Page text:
by Bryan Holland
The evening was primed and ready for a night of great, classic hard rock. The setting, a small 3,000 seat venue on western Long Island, by the name of NYCB Theatre at Westbury that allows for an extremely intimate show. The band, a group known mostly for their classic hits from the late 1960’s to early 1970’s, was Deep Purple. A band I believe, after catching their current live show, needs to be on the Rock and Roll Hall of Fame ballot sooner than later. They are one of the pioneers of hard rock and owners of one of the most recognizable guitar riffs ever to hit the radio waves.
Deep Purple came out with the intention of letting everyone know they were there to rock, to show they’ve still got it and to have a great time doing it. They were set up in the middle of the theatre with a huge video screen behind them, often showing laser like visuals accompanying the songs. They follow the classic rock lineup of drums, guitar, bass, keyboard and vocals; each having their chance to shine.
They kicked off with “Highway Star” and the crowd was enjoying it right away, mostly scattering to find their seats, hands filled with beers and popcorn. It seemed as though they really hit their groove around the 4th song, “Strange Kind of Woman”. Towards the end of that song, singer Ian Gillan and guitarist Steve Morse did a call and response back and forth that showed amazing vocal range and deft guitar work, all while smiling big and having a blast. When a band is thoroughly enjoying their time on stage, it easily rubs off on the crowd; and this crowd was no different.
The next song, “Vincent Price”, named after the famous horror actor from the 1960’s, truly had the feel of a dark, ominous Halloween night. With lyrics like “it feels so good to be afraid”, this song had a mesmerizing feel and sounded just as great live as it does on their album. Bassist Roger Glover kept a head-bobbing groove throughout and there was a bass heavy breakdown in the middle with wailing guitar that sounded like screams in the night.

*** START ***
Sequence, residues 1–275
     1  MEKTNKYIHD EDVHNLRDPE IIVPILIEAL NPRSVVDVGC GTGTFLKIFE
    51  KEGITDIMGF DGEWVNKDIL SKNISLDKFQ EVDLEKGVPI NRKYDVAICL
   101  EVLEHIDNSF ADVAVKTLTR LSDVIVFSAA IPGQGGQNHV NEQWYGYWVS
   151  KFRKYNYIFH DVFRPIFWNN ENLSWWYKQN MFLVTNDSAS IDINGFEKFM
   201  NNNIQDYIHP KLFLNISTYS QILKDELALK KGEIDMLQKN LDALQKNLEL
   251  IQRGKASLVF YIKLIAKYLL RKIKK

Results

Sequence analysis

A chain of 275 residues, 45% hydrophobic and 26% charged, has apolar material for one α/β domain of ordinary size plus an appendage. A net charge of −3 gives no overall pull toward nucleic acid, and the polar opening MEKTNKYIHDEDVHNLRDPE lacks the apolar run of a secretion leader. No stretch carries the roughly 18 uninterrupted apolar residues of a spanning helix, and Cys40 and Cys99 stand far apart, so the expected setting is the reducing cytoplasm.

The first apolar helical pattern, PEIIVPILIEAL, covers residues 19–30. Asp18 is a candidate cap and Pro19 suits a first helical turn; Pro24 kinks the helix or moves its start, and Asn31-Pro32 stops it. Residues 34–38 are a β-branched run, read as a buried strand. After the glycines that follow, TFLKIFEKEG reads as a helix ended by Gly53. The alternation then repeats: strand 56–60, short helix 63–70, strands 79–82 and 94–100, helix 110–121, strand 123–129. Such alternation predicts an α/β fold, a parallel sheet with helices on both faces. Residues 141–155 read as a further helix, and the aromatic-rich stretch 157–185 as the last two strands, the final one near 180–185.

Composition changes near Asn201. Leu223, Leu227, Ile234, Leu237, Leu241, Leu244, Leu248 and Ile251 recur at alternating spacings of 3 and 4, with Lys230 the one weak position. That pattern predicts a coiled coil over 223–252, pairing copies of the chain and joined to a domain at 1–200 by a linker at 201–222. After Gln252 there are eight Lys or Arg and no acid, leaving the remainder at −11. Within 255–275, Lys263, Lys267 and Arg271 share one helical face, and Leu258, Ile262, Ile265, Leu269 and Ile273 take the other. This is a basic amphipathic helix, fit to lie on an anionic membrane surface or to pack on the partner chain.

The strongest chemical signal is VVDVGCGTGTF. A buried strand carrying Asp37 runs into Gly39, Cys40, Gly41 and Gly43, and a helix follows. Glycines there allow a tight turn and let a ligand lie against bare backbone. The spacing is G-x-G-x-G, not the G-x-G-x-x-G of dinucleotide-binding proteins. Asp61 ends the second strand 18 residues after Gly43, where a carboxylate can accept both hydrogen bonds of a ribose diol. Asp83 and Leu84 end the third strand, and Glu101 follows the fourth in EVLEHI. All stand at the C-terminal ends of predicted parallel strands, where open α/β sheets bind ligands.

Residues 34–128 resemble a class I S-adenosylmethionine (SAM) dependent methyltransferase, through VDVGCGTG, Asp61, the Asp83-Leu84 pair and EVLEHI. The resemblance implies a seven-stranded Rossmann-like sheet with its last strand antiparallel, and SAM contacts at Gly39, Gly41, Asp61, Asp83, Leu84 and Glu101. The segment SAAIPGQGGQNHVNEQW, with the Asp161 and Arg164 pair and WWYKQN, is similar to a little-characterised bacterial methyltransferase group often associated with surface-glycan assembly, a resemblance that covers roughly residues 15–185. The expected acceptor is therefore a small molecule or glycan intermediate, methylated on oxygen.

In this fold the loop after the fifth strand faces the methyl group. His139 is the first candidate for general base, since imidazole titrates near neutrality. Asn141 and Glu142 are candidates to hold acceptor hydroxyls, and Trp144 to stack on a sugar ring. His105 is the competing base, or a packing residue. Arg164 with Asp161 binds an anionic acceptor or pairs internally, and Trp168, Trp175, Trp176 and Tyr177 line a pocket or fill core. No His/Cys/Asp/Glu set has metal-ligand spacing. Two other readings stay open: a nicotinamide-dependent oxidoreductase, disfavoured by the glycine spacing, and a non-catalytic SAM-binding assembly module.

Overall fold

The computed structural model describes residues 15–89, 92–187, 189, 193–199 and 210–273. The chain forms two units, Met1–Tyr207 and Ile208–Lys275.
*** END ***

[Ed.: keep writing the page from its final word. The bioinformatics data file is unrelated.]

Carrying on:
A few songs later, they delved into “The Mule” which segued into an amazing drum solo by Ian Paice. He does amazing work and I noticed he is a lefty drummer, which you don’t see very often. It started off simple enough but he started going into extended drum rolls with an even tribal feel that blew the crowd away. The lights dimmed and he picked up drum sticks with neon lights on them. Now you could see just how fast his hands were moving and it had the crowd screaming out for more.
Keyboardist Don Airey was next up to show off his chops and he did not disappoint. The rest of the band left the stage and Don started floating around some melodies reminiscent of Beethoven and other classical composers before letting loose on some more upbeat parts. This led into a tease of “America the Beautiful” which garnered appreciation from the crowd. Then they played the hits.
A personal favorite, “Perfect Strangers” was next. With a bluesy melody that jumps to a rocking chorus, it’s catchy and a fan favorite all around. At this point, the band was really hitting their stride and showed no signs of slowing down. They vaulted right into “Space Truckin’”, another fan favorite and the energy of the crowd took off. There was almost an anxious vibe in the crowd, as many of them weren’t experiencing their first rodeo and knew what was coming.
After a brief pause, the infamous guitar riff that propelled them to fame all those years ago, came shredding through Steve Morses guitar. The crowd screamed and sang every single word to “Smoke on the Water”, standing in admiration of a band still going strong. The vibe of this song is as rock and roll as it gets, as essential to the annals of rock history as Led Zeppelins “Stairway to Heaven” and just as recognizable. Even if someone can’t name Deep Purple as the writers, they know the part. They can hum the whole thing to you. And that is why this band is so great.
After the dust settled from “Smoke on the Water”, they came back out to rock once more, kicking into “Hush”, which is a cover of a Joe South song, made extremely popular by Deep Purple in the 70’s. The crowd knew the show was practically over, so they hung on to every note and word a little longer, dancing in front of their seats. They finally closed with “Black Night” and everyone began to leave shortly after. Mothers and fathers with their sons and daughters, bonding on the walk to the parking lot over a band that, although becoming famous all those years ago, still has a sound that can only be described as, if not essential hard rock, then timeless.
Deep Purple is currently on tour, you can check out their dates here